First off, let’s look at the difference between er (he) and ihn (him). As I just pointed out, you don’t have to worry too much about this part because we just learned the difference between “he” and “him,” and it is the same for the German pronouns!

Male, Female and Plural German Personal Pronouns

Er is nominative in the first sentence, and the man goes in the accusative in the second sentence, switching to ihn. But what happens if we change these sentences to be about a woman?

Sie streichelt den Hund. (She pets the dog.)

Der Hund beißt sie. (The dog bites her.)

The female pronoun does not actually change in the accusative case—it is exactly the same as the nominative. You can use sie (she, her, they) for both sentences here. Although this is not quite like English, it shouldn’t be too hard to remember.

The German plural pronoun sie (“they” in English) is the same as the female pronoun: they are both sie. So, just as the female sie is the same in the accusative and nominative case, the plural sie is also the same in both cases. The same is true of the formal version for “you,” Sie, which is always capitalized. 

Neutral German Pronouns

What if we wanted to talk about a neuter noun, like das Kind (the child)?

Das Kind streichelt den Hund. (The child pets the dog.)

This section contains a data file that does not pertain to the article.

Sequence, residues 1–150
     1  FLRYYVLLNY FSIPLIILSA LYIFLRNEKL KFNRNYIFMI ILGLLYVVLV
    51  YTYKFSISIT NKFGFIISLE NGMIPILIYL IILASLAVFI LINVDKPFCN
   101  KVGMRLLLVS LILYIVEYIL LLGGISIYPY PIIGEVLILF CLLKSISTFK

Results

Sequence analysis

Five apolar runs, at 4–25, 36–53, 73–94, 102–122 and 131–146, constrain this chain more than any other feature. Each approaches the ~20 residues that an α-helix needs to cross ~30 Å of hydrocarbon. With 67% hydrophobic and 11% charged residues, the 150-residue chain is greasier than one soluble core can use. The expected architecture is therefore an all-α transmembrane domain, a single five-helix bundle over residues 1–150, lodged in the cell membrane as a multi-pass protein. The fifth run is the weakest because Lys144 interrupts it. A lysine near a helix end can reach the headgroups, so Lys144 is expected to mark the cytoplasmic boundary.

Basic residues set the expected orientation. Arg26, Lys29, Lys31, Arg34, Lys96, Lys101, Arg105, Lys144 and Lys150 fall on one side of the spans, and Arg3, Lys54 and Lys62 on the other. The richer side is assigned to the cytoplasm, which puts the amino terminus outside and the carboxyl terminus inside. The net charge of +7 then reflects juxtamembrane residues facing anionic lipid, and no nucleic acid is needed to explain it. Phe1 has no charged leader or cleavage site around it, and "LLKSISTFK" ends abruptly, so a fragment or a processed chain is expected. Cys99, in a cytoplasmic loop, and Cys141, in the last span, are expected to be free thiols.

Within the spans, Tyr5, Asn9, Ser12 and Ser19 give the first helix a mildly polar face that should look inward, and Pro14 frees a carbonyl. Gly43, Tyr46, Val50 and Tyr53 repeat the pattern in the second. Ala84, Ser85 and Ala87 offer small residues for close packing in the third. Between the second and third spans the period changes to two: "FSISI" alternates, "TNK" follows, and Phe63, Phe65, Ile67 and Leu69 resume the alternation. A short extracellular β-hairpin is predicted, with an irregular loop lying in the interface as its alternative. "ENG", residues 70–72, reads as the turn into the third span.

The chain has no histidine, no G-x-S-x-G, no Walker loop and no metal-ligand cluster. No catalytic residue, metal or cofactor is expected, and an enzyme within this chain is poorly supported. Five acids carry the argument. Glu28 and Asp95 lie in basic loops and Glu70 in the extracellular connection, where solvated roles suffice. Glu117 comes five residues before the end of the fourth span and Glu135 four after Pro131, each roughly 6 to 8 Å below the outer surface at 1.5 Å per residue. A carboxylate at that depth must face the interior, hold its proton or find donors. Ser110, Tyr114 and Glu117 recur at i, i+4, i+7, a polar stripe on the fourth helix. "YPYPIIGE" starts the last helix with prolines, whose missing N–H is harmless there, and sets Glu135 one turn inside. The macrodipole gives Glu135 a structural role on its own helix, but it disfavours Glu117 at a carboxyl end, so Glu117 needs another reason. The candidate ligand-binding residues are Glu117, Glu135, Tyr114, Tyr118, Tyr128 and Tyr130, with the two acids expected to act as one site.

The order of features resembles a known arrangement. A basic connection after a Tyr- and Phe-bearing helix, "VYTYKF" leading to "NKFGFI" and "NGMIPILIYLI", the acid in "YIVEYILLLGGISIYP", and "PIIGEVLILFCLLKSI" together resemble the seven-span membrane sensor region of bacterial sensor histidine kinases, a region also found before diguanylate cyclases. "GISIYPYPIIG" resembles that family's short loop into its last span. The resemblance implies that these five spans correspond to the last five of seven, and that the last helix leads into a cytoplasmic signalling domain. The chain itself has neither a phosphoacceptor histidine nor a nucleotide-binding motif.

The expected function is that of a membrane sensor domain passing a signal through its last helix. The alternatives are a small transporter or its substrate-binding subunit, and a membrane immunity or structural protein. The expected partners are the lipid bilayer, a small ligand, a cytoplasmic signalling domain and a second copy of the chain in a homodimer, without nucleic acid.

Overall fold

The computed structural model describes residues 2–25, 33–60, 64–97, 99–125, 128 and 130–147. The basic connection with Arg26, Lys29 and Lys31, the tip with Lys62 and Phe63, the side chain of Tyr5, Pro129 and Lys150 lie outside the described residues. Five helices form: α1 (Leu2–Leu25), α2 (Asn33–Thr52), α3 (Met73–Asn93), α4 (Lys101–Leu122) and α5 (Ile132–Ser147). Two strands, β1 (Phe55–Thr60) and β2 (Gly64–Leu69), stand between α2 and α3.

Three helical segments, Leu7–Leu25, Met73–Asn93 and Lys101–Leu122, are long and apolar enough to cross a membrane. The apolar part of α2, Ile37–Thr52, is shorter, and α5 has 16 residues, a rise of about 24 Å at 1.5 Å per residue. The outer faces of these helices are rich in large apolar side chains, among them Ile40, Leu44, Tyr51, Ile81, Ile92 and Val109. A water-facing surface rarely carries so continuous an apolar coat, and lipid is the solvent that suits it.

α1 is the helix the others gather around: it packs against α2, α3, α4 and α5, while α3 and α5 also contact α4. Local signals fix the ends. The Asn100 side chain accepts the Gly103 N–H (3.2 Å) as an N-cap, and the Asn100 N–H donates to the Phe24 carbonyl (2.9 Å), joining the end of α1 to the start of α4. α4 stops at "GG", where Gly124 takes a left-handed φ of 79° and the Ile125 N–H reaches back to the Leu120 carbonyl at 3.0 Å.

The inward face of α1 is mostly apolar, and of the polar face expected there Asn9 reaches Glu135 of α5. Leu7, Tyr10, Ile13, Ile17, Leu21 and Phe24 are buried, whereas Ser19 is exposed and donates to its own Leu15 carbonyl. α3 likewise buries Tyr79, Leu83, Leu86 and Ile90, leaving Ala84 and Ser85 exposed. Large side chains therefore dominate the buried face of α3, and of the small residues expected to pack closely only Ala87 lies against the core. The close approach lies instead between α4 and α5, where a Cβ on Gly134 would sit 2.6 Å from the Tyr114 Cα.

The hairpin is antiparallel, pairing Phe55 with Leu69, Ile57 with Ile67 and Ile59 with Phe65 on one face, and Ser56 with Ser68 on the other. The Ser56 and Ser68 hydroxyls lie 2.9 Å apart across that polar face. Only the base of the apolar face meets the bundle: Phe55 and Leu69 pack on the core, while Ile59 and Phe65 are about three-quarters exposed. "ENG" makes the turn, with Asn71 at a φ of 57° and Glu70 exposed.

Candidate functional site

Der Hund beißt es. (The dog bites it [the child].)

The neutral pronoun, es (it), also remains the same in nominative and accusative. This is the same as sie (she, her, they). These two should be fairly easy to keep track of.

More German Pronouns

Below is the same example for “I” and “me:”

Ich streichle den Hund. (I pet the dog.)

Der Hund beißt mich. (The dog bites me.)

Ich (I) becomes mich (me). Similarly, du (you) becomes dich (you):

Du streichelst den Hund. (You pet the dog.)

Der Hund beißt dich. (The dog bites you.)

Just as the English “we” becomes “us,” wir becomes uns:

Wir streicheln den Hund. (We pet the dog.)

Der Hund beißt uns. (The dog bites us.)

German has a second version of “you” called the informal plural, ihr, which you use when talking to two or more people in an informal context, kind of like “y’all” or “you guys”. In the accusative, ihr changes to euch: 

Ihr streichelt den Hund. (Y’all pet the dog.)

Der Hund beißt euch. (The dog bites you guys.)

Thankfully, there’s just one version of “you” for formal contexts: Sie, always written with a capital. Just as with the female pronoun sie (she), it doesn’t change in the accusative case: 

Sie streicheln den Hund. (You [formal] pet the dog.)